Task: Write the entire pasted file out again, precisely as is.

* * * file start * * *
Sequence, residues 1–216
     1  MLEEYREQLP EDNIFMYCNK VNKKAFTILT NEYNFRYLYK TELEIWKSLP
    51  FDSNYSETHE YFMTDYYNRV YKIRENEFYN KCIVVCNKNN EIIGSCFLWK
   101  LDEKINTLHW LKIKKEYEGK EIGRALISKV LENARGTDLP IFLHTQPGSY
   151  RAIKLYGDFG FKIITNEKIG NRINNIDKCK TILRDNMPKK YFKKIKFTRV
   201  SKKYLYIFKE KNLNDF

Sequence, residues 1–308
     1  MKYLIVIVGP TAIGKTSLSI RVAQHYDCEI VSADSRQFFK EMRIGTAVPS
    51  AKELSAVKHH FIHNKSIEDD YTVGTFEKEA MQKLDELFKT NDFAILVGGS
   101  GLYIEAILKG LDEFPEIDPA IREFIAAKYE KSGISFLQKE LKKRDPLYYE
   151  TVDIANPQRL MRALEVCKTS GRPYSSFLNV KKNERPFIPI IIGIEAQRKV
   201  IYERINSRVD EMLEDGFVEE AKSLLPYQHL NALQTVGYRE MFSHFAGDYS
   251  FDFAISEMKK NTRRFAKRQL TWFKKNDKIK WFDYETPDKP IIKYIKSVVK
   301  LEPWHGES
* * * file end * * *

Sequence, residues 1–216
     1  MLEEYREQLP EDNIFMYCNK VNKKAFTILT NEYNFRYLYK TELEIWKSLP
    51  FDSNYSETHE YFMTDYYNRV YKIRENEFYN KCIVVCNKNN EIIGSCFLWK
   101  LDEKINTLHW LKIKKEYEGK EIGRALISKV LENARGTDLP IFLHTQPGSY
   151  RAIKLYGDFG FKIITNEKIG NRINNIDKCK TILRDNMPKK YFKKIKFTRV
   201  SKKYLYIFKE KNLNDF

Sequence, residues 1–308
     1  MKYLIVIVGP TAIGKTSLSI RVAQHYDCEI VSADSRQFFK EMRIGTAVPS
    51  AKELSAVKHH FIHNKSIEDD YTVGTFEKEA MQKLDELFKT NDFAILVGGS
   101  GLYIEAILKG LDEFPEIDPA IREFIAAKYE KSGISFLQKE LKKRDPLYYE
   151  TVDIANPQRL MRALEVCKTS GRPYSSFLNV KKNERPFIPI IIGIEAQRKV
   201  IYERINSRVD EMLEDGFVEE AKSLLPYQHL NALQTVGYRE MFSHFAGDYS
   251  FDFAISEMKK NTRRFAKRQL TWFKKNDKIK WFDYETPDKP IIKYIKSVVK
   301  LEPWHGES